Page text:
Yeah. Uh, so here we are at a situation where the police can administer justice and execute without any sort of due process.

Larry 1:19:20
All right, got it? Well, they didn’t execute I failed to preserve and protect.

Andy 1:19:25
Hmm. So so my statement is taking it too

Larry 1:19:28
far. I think a little bit too far. They certainly fail to preserve and protect. When, when you’re, when you’re fleeing a person once they’re apprehended. At that point, you become their protector. Right? Well, they, for all practical purposes, he was apprehended when he went into the canal.

Andy 1:19:44
Yeah, you can’t you can’t swim super fast. Like you can sort of like running unless you’re Michael Phelps.

Larry 1:19:49
And at that particular point, they shifted from being in pursuit to his protector and they should have protected him as best they were trying to do. And if no one there could swim, that the That will come out of the investigation. But I’m confident that some of those officers could have could have attempted to rescue.

Andy 1:20:06
Yeah, of course. So the final article is from NBC News hundreds of parents a kids wrongly taken from them after doctors Miss diagnosed abuse. The profile article here is a couple. And their kid has something of a certain kind of condition that ends up the kid gets a bunch of bruises from being in like the swingy seat in the house. And they take the kid to the doctor and the doctor is like this kids being abused and they take the kid away for like four months. They like like, forcibly removed the kid from the home because they think that the kid is having like Shaken Baby Syndrome and all this other garbage. This is also disturbing, Larry, this is this is most likely coming from like the lefty pointed head kind of people of the child welfare stuff. At least that’s that would be my take right off the bat. To have these policies, this is terrible that we would take kids away that we don’t have enough protections to enough checks and balances to make sure that the that people don’t just have their families ripped apart needlessly.

Larry 1:21:12
This is a long story. And the there’s the first one of the videos of the of the couple sitting there with the two kids. They end up they end up getting their kids back after the judge apologized and saying that they had a hearing, which they didn’t know about. They had an expert that what a contract that would have would have would have contested what Child Protective Services. This this is a personal one to me because I was in the Child Protective Services system from the time I was eight years old until aged out. And I’ve been kind of having gone through my experience I consider myself more informed than the average person and I consider that the child protective services. I think acted largely appropriate. And Mike, my case of my family’s case. So I I’ve been very dubious of these claims. But what were people saying that their kids were taken for little no reason. And I’ve used this to awaken myself to stuff that I did not know what’s happening. I know that I’m always dubious about mandatory reporting, because people are required to report things. Because it’s for the for the good of all. And sometimes they report something that may or may not be anything like what the people seeing the evidence, think it’s was caused by. So it’s causing me to rethink what I felt about child protective services because in my case, I felt like they acted appropriately, all throughout my foster career. From from the time I was eight till I was 17 when I left and, and so I’ve been one who’s been very tolerant of Child Welfare intervention, because it’s all about keeping kids ildren safe and we all want that thing we want the children to be kept safe and out of abusive environments and but when you see people losing their kids that they’ve been caring for diligently with just virtually no due process and being taken almost at gunpoint, just shotgun point but what’s the force of law and and and you see that that’s not the America that we that we that we want and if I’m going to be intellectually honest, I’ve got to say to these people are entitled due process also. And you’ve got to have overwhelming evidence to take so much gets away from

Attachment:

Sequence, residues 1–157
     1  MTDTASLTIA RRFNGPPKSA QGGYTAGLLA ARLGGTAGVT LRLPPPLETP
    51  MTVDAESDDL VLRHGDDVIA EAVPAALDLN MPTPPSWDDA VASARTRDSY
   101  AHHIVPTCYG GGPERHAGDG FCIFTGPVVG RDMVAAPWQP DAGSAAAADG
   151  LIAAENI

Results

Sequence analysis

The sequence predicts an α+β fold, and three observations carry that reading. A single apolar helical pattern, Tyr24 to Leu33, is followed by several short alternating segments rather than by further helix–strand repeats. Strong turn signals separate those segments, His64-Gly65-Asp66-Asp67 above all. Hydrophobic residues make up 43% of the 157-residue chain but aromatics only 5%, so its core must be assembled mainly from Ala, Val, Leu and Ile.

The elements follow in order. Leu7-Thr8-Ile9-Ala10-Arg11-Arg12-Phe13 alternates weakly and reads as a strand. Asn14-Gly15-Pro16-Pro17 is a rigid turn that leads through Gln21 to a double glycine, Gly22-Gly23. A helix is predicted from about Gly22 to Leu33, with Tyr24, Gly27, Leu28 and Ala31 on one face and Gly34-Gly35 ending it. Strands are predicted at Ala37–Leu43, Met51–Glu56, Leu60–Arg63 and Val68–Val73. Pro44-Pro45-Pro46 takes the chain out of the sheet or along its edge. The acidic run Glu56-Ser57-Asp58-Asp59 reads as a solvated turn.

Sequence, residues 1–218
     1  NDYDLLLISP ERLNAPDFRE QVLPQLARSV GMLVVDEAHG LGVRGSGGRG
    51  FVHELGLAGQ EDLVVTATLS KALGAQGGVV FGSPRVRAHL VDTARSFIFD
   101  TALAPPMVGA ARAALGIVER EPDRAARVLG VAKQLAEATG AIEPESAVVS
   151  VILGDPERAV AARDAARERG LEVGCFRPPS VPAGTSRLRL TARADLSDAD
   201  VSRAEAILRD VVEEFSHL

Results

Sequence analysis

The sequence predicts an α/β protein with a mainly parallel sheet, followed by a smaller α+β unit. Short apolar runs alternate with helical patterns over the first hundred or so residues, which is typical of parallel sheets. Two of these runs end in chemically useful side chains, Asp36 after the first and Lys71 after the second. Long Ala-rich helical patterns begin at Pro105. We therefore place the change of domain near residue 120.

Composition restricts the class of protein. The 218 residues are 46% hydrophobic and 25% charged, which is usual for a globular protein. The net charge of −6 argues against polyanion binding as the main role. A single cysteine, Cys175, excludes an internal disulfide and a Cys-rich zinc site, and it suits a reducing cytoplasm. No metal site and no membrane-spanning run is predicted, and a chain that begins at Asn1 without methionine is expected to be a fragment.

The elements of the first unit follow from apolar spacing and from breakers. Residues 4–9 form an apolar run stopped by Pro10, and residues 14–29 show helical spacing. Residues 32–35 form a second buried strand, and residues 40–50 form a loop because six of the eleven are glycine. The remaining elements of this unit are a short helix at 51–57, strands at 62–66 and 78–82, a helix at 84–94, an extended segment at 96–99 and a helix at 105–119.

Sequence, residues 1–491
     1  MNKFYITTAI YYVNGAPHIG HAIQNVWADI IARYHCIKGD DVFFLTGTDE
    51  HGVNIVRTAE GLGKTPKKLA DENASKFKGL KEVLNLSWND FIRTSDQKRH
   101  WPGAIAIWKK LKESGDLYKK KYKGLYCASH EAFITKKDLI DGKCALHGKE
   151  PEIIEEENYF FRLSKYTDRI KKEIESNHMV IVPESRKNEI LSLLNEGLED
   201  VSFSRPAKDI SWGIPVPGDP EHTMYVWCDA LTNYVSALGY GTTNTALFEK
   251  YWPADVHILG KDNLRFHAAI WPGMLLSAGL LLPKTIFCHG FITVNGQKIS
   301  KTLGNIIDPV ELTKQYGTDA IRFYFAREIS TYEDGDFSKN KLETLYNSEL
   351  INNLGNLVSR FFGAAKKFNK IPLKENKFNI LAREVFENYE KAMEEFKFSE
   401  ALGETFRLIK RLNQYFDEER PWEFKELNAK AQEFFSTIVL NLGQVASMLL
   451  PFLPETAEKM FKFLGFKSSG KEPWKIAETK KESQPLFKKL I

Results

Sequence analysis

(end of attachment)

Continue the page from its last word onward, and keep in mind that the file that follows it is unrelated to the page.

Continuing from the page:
Andy 1:23:36
at the end of the article, the profile couple here it says every year since every year since the grams have sent the doctor, the child abuse pediatrician, a Christmas card with a photo their family along with a note reminding her that she almost broke them apart. I am 100% with you on the statements that you just made. That of course I don’t you know, you’re going to find some sort of sociopath that wants children harm but by far and People do not want children harmed, and would go to great lengths to protect children pretty much at any cost. But, and there are plenty of kids in the world that have been abused that needed protection when it wasn’t available. And here you have what appears to be a very attractive couple. And through a failure in the process, have their family ripped apart. This is a this has been like, you know, a PTSD kind of level situation to have your kid a kid taken away from the family like that. Then what are all the neighbors going to say? This is almost like being accused of a sexual offense, you know, and the cops show up and they ransack your house and all that stuff. And then everything just goes well, I’m sorry, we made a mistake. You know, where’s your daughter? Child Protective Services took my kid, like, what kind of horrible parent are you? How do you recover from that kind of scrutiny too?